When you want to learn more about spiritual practice, like how to practice Buddhism, one of the most useful things you can do is explore its belief systems.
The five aggregates are one of the most important concepts in Buddhism. They function as a building block for the teachings of the Buddha.
Learning about the five aggregates can help you better understand the profound core teachings of Buddhism.
So, let’s begin with the basics. Where did the five aggregates come from?
Where Did the Five Aggregates Come From?
The five aggregates, like many of the core teachings of Buddhism, were passed down by the Buddha himself.
The Buddha used the five aggregates to help express some of the difficult concepts of his teachings. The Buddha was an Enlightened being, thus some of the ideas he wanted to share were difficult to communicate.
Imagine trying to explain long division to someone who has never seen a number before. You’ve gotta start with the basics, right?
The five aggregates were the Buddha’s way of preparing his followers for more challenging concepts in his later teachings.
What are the 5 khandas?
The five aggregates, also called the five skandhas or khandhas, mean, “heaps, collections, groupings.” And that’s exactly what the aggregates are. They’re the five elements that make up sentient existence.
The five aggregates are:
- Form, or rupa. The form is physical matter. It’s anything you can perceive with your senses, like a tree, a cup, or a piece of cake.
- Sensation, or vedana. The sensation is the physical sensory experience of an object, like sight, touch, and taste.
- Perception, or samjna. Perception is the labeling of sensory experience, like salty, soft, or warm.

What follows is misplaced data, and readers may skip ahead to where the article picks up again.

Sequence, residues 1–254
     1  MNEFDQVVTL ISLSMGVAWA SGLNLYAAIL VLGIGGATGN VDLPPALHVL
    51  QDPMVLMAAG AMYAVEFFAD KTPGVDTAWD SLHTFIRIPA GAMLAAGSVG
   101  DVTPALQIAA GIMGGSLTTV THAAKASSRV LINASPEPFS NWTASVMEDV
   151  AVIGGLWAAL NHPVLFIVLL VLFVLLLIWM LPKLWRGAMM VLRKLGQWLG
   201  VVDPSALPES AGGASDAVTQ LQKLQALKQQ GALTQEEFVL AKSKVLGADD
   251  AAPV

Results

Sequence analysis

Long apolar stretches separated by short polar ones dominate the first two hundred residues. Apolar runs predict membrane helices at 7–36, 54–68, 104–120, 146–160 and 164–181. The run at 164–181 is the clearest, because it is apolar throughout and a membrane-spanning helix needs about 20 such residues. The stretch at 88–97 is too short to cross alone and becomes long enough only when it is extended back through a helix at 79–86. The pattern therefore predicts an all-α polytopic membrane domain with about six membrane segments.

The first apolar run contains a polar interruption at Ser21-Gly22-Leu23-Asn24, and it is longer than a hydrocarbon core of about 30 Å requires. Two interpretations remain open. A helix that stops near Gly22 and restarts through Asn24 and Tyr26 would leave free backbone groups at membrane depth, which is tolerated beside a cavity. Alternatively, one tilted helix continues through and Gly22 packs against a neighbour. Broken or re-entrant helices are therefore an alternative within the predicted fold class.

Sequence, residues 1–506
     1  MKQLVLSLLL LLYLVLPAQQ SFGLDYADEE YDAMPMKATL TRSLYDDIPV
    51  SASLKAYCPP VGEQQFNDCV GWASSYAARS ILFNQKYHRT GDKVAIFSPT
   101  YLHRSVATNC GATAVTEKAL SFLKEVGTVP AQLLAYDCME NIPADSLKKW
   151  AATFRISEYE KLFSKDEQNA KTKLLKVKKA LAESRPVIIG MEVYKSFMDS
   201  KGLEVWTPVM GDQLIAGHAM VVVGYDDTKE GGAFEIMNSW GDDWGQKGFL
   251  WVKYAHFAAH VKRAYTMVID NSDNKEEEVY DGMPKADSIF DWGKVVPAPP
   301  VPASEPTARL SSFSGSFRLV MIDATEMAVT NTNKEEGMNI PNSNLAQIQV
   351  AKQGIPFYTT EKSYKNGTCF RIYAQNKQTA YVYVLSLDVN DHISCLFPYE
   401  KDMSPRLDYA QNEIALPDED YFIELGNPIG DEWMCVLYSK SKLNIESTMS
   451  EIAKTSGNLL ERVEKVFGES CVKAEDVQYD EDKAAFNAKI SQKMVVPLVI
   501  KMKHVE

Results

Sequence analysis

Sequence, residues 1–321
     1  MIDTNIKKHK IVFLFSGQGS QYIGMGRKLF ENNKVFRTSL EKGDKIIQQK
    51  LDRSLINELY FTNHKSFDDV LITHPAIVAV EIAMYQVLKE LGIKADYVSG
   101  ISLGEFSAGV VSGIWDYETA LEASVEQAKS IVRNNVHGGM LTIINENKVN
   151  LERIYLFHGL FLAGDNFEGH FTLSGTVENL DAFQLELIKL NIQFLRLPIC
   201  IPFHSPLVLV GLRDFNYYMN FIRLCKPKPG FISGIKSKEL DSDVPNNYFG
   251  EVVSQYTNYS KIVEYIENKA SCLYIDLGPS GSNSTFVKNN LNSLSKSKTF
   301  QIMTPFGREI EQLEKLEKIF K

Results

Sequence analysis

- The mental formation, or samskara. Mental formations are your biases, prejudices, interests, attitudes, and actions.
- Consciousness, or vijnana. Consciousness is awareness of physical and mental processes, including the other skandhas.
Each person experiences the world through the five aggregates. Together, they make up a conscious experience. Together, they create a sense of “I,” or individualism. It’s the combination of the aggregates that we come to know as our own individual selves.
But there is danger in this. This is what the Buddha wanted to teach. And that’s what makes learning the five aggregates so important.
Why Are the 5 Skandhas Important?
One of the core teachings of Buddhism is that life is suffering. Alright, yes, it sounds bleak, but the second half of that teaching is that while life is suffering — there is a way out.
One of the paths out of suffering is embracing emptiness or non-attachment. It’s a way of perceiving what is happening in the body and in the mind without coloring it with our perception.
Too often, the stories we tell ourselves weigh us down. We judge an experience, thought, or emotion as being negative or unpleasant and we suffer. If we are able to separate ourselves from the experience and view it with non-attachment and mindfulness, we can save ourselves pain and heartache.
The Buddha taught that the five aggregates can cause suffering. When we view the aggregates as a collective whole and as intrinsic parts of who we are, we suffer.
But when we learn to separate the aggregates from ourselves and view them with non-attachment, we can break their power over us and live healthier, more balanced lives.
How do we view the aggregates with non-attachment? Meditation is often the best go-to. In fact, meditation can really change your life.
As Deborah King, Author of Mindvalley’s Be A Modern Master Program explains, “Learning to meditate changed the course of my life and set me firmly on a spiritual climb I never would have believed possible.”
What Are the 5 Precepts of Buddhism?
The five precepts or rules of Buddhism are similar to the core beliefs of many other spiritual practices.
These 5 precepts ask that Buddhists abstain from:
- Taking what is not given.
- Misconduct concerning sense-pleasures.
- False speech.
- Alcoholic drink or drugs.
What Are Mental Formations?
To be aware of the mind in Buddhism means to be aware of the mental formations – chitta samskara.
Formations represent anything that has a form and is made of something else, be it a flower or an emotion.
Some mental formations are constant and universal, and these consist of emotions, perception, attention, and volition. Some happen only under specific circumstances, like determination, mindfulness, and concentration.
Being aware of mental formations means being aware of your mental prejudices and biases. This is one of the most important of the five aggregates, and one of the most challenging to undertake.